Know who isn’t excited about new Toronto arena? Hamilton, that’s who

Puck Daddy

It’s easy to get caught up in the excitement over a new NHL-ready arena in the Toronto area.

The revenue streams would surge like a tidal wave. The fan support would be off the charts; and having a second franchise to be the Clippers/Mets/White Sox to the Toronto Maple Leafs’ Lakers/Yankees/Cubs is a tremendously tantalizing idea from a rivalry perspective.

In fact, it’s hard to find many people that aren’t stoked about possible expansion or relocation to the $325 million arena being considered for Markham … unless you’re Hamilton.

Yes, Hamilton: That glorious city in Southern Ontario that built Copps Coliseum in 1985 and has been waiting for an NHL team ever since. The city that nearly had the Nashville Predators, until Jim Balsillie botched it. The city that nearly had the Phoenix Coyotes … well, until Jim Balsillie was defeated in court by the National Hockey League.

According to Scott Radley of the Hamilton Spectator, the Markham arena might push the dagger all the way through Hamilton’s hockey hopes, to the point where the city is no longer a market with whom potentially relocated openly flirt.

From the Spectator:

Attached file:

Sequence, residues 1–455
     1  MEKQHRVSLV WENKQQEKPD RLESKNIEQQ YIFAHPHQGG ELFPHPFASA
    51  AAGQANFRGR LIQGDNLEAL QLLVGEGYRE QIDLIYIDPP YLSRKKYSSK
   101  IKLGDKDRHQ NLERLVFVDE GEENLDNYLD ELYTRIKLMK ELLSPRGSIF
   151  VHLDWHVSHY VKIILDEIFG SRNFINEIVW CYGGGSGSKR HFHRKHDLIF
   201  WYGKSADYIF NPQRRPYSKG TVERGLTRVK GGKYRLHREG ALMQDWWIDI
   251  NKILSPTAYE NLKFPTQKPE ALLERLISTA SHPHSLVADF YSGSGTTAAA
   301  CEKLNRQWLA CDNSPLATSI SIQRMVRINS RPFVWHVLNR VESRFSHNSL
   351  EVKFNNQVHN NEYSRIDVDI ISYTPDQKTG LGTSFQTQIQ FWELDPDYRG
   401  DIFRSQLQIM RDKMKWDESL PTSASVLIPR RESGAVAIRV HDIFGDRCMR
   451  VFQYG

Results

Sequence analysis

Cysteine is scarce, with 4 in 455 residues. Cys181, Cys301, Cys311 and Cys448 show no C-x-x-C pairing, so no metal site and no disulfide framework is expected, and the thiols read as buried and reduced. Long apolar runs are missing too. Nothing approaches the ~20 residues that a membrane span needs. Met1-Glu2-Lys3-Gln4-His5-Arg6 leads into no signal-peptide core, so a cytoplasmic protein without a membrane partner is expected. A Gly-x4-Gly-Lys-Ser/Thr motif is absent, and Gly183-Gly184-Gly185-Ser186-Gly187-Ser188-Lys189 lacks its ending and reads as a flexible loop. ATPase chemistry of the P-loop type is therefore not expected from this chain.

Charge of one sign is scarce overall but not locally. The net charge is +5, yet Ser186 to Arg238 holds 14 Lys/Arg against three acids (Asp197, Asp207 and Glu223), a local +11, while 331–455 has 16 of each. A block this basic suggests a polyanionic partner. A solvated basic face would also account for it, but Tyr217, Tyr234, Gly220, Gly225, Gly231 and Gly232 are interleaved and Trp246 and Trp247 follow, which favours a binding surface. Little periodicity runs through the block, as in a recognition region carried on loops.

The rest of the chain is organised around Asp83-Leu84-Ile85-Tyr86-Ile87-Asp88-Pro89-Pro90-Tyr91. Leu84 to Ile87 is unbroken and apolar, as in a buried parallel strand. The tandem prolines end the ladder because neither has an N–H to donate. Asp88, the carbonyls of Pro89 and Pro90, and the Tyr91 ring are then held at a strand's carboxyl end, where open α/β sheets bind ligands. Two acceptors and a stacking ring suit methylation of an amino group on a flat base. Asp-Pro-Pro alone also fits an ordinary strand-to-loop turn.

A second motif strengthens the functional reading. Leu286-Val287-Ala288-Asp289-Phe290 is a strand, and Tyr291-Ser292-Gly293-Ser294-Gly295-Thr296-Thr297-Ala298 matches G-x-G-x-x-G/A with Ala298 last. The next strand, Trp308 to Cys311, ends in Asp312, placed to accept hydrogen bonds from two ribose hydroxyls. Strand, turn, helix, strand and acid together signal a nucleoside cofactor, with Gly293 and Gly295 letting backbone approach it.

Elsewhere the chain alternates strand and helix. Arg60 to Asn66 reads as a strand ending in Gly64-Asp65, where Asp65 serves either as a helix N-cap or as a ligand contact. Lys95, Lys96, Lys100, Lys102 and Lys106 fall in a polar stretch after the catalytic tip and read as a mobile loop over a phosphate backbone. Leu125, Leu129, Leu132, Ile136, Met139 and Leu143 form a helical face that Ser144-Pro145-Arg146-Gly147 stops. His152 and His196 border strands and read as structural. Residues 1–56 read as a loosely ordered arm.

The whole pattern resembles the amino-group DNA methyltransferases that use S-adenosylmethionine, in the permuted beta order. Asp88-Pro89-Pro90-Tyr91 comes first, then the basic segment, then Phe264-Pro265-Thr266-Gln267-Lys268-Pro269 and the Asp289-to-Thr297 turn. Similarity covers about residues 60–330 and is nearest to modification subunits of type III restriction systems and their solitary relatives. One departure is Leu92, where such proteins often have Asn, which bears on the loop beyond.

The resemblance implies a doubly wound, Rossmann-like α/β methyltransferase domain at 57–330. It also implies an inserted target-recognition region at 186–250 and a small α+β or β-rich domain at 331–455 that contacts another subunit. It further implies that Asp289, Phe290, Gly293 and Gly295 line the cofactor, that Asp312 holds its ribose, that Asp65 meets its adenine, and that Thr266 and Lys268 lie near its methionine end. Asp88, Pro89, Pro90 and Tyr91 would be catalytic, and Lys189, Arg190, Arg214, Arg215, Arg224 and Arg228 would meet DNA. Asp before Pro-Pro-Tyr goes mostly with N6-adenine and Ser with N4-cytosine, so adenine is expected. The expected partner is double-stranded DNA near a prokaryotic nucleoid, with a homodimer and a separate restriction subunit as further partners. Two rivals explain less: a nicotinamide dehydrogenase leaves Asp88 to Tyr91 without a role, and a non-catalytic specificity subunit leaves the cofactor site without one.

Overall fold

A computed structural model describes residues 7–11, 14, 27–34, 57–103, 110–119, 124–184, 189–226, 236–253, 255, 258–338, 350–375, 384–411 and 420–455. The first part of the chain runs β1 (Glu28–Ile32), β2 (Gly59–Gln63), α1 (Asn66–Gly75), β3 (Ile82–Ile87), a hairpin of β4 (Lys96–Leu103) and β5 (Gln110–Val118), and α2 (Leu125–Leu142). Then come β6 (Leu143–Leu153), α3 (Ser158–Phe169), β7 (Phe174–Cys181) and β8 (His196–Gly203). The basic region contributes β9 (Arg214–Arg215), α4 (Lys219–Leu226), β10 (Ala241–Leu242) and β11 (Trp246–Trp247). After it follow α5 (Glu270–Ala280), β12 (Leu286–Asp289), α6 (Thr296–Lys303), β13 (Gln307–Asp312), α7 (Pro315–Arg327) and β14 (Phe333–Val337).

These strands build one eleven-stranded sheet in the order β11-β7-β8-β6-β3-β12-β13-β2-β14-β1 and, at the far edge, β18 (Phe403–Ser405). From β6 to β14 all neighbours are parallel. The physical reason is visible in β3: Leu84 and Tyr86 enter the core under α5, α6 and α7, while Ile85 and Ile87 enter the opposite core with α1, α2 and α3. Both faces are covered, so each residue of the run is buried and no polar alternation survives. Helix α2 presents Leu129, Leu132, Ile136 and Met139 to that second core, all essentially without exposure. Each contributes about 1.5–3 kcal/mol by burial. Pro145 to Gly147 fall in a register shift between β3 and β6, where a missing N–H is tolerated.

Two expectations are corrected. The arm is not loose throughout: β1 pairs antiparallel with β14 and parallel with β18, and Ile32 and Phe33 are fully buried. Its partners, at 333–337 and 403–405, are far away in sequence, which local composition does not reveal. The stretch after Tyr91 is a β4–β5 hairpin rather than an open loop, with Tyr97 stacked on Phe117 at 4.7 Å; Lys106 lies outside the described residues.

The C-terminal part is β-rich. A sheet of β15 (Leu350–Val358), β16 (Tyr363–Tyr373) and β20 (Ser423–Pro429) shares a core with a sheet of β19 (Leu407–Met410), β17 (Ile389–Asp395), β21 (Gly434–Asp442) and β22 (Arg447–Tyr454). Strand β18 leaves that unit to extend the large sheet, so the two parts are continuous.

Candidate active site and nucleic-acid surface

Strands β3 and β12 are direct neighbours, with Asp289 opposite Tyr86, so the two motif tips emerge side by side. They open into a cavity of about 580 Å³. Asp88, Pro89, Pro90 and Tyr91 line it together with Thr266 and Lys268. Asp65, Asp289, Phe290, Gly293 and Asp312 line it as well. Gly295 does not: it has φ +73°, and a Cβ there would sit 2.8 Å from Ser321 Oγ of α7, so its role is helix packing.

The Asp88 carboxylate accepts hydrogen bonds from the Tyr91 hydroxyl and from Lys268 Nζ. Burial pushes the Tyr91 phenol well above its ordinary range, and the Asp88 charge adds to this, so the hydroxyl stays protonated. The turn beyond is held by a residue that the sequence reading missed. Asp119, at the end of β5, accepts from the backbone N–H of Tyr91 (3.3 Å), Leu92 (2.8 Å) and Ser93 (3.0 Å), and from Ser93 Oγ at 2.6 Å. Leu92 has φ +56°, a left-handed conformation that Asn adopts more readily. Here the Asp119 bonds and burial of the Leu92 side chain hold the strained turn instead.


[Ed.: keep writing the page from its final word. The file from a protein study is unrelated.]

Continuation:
If a team was looking to move to this part of the world, it would suddenly have the choice between a brand-new, state-of-the-art facility paid for in large measure by the city or an antique that needs tons of revitalization just to get it to modern standards. Assuming our city council has no plans to dump a hundred million or two into a new rink of our own anytime soon, advantage Markham.

If legally enforceable territorial boundaries actually exist — indemnification has always been a murky issue — an owner could choose a home where he’d have to try to work out a deal with the Toronto Maple Leafs alone, or have to sort things out with both the Leafs and the Buffalo Sabres. Advantage Markham.

When it comes to filling lucrative private boxes and filling expensive seats, would you prefer to put your team in a city flush with 400 corporate headquarters and 900 high-tech and life sciences companies or in a city where a good chunk of the crowd would have to be drawn from wealthier neighbouring communities? Maybe that’s a wash, but likely advantage Markham.

And so on.

Markham could be the end of Hamilton’s jockeying for a team, if Balsillie’s fade from prominence wasn’t already.

They’ll be like Kansas City without the facility. Or Hartford without the incredible nostalgic ties to beloved former franchise.

But hey, they’ll also be a reasonable driving distance from attending a Toronto Whatever-The-Hells game; so they’ve got that going for them, which is nice.

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